Carbon-Fibre Fishing RodShakespeare 8-9aftm 9' Fly-Rod.

A princely gift, which I've re-built with a fine new reel-seat, a foundling, and lined titanium eyes. I've added a 3/8th" BSF thread to the end of the handle and plan to make an extension to the butt. It casts very nicely, even for a neophyte flinger like myself.

This space deliberately blankThis space deliberately blankThe pieces of gold that are cruciansThe pieces of gold that are crucians (and return to the top of the page)The pieces of gold that are cruciansThe pieces of gold that are cruciansThe pieces of gold that are cruciansThe pieces of gold that are cruciansThe pieces of gold that are cruciansThe pieces of gold that are cruciansThe pieces of gold that are cruciansThe pieces of gold that are cruciansThe pieces of gold that are cruciansThe pieces of gold that are cruciansThe pieces of gold that are cruciansThe pieces of gold that are cruciansThe pieces of gold that are cruciansThe pieces of gold that are cruciansThe pieces of gold that are cruciansThe pieces of gold that are cruciansThe pieces of gold that are cruciansThe pieces of gold that are cruciansThe pieces of gold that are cruciansThe pieces of gold that are cruciansThe pieces of gold that are cruciansThe pieces of gold that are cruciansThe pieces of gold that are cruciansThe pieces of gold that are cruciansThe pieces of gold that are cruciansThe pieces of gold that are cruciansThe pieces of gold that are cruciansThe pieces of gold that are cruciansThe pieces of gold that are cruciansThe pieces of gold that are cruciansThe pieces of gold that are cruciansThe pieces of gold that are cruciansThe pieces of gold that are cruciansThe pieces of gold that are cruciansThe pieces of gold that are cruciansThe pieces of gold that are cruciansThe pieces of gold that are cruciansThe pieces of gold that are cruciansThe pieces of gold that are cruciansThe pieces of gold that are cruciansThe pieces of gold that are cruciansThe pieces of gold that are cruciansThis space deliberately blankThis space deliberately blank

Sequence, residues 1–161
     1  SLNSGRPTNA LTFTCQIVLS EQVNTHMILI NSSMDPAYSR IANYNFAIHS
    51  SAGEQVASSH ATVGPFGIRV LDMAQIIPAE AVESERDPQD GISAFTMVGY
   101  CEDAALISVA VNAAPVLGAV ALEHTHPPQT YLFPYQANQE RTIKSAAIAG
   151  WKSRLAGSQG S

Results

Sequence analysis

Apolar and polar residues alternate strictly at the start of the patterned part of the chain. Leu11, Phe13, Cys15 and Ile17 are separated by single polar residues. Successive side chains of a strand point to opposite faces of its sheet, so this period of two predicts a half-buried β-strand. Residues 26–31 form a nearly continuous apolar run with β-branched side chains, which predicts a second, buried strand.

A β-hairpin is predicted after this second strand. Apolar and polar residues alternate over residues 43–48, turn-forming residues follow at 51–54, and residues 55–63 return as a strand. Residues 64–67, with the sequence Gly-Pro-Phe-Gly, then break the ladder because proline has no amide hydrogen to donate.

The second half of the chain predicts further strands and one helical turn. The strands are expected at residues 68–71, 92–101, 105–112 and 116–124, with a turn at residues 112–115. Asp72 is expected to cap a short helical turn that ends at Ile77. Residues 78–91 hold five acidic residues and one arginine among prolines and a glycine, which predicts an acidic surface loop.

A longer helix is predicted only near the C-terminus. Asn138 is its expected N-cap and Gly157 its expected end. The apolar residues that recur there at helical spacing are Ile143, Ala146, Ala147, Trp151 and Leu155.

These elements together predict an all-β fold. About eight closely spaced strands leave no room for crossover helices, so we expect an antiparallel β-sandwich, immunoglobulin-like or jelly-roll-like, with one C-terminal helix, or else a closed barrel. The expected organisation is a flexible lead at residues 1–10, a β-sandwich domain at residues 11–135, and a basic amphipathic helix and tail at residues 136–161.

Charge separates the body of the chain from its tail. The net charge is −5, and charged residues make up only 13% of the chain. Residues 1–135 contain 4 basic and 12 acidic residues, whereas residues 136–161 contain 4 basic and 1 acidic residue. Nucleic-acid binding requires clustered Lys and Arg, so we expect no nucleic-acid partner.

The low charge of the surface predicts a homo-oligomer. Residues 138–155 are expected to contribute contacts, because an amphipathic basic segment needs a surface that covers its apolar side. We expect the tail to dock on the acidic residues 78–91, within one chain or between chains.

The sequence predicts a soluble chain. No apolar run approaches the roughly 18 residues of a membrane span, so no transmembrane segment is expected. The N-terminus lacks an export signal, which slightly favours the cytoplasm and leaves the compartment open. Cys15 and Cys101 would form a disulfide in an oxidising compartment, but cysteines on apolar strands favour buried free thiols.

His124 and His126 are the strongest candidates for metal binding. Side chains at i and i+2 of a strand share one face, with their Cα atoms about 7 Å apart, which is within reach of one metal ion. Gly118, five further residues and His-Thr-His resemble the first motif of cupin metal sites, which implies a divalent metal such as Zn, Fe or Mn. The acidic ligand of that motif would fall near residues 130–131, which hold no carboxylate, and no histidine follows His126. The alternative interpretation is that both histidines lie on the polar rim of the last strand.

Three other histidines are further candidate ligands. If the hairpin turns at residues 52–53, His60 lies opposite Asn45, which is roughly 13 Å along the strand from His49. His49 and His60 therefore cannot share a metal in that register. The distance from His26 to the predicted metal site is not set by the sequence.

Carbon-Fibre Fishing RodThe Light Salmon Rod Experiment.

The LRSELight Salmon Rod Experiment was an attempt to make a strong through-action rod without spending a fortune. I 'internet auctioned' a 14 foot 8-10 aftm Bruce & Walker Spey Rod and did a cut-and-shunt on it. It didn't really work, the taper on the top section was so slight it's battle curve was a near quarter-circle. Ah well. It might yet be used to provide parts to the "Great Vaguely Imagined Portmanteau All-Purpose Rod". The 'GVIPAPRClearly I need a much better acronym for this.'.

There are a few other entries on the LRSELight Salmon Rod Experiment.

Carbon-Fibre Fishing Rod11th December 2013. LSRE. The Lighter Salmon Rod Experiment #1 - the plan being to make a light through action rod of about 11' from an 8-10 aftm fly rod - almost fell at the first hurdle really. The 9/10 weight 14 footer was stiffer than my #10-12 Hex. ...which didn't seem right. I sought the maker's opinion for sanity, then, despite being re-assured it was a softer rod, tied both rods to a step ladder - I used a string bag and braid threaded through to the top ring on the bottom section of both rods - where they were tied across the steps. I plotted the displacement from horizontal (both rods bang on 140cm from the floor in this set up) and here is a small graph. I'm bu88ered if can make Excel display it how I want...weight in 'oz' and the deflection is in 'cm' from horizontal(no load position). So lighter the 8-10aftm really is...

The Hex wins by 10%... The Hexagraph wins by 10%...

I planned to set to work with the thread and rings - I'd bought some Pacbay Minima's and a nice tip ring, plus a 'match cork'. I have a reel seat and although the thread ordered was NOT the colour in the picture...no matter, I have a large reel of red grade 'D' so will use that. 'W'. Ring spacing, 'as is'. Now, before I desecrate a perfectly good (if going for a song) salmon rod, I've opted to tape on a reel and take it to play with some simple-in-the-head carpusules...OK it looked mad, but I wanted to know and if it was too stiff, then it would have returned to evilbay whence it came and I'd look for #7-9 13 footer. Lead on McFluffchuckerclick to the second part of the experiment.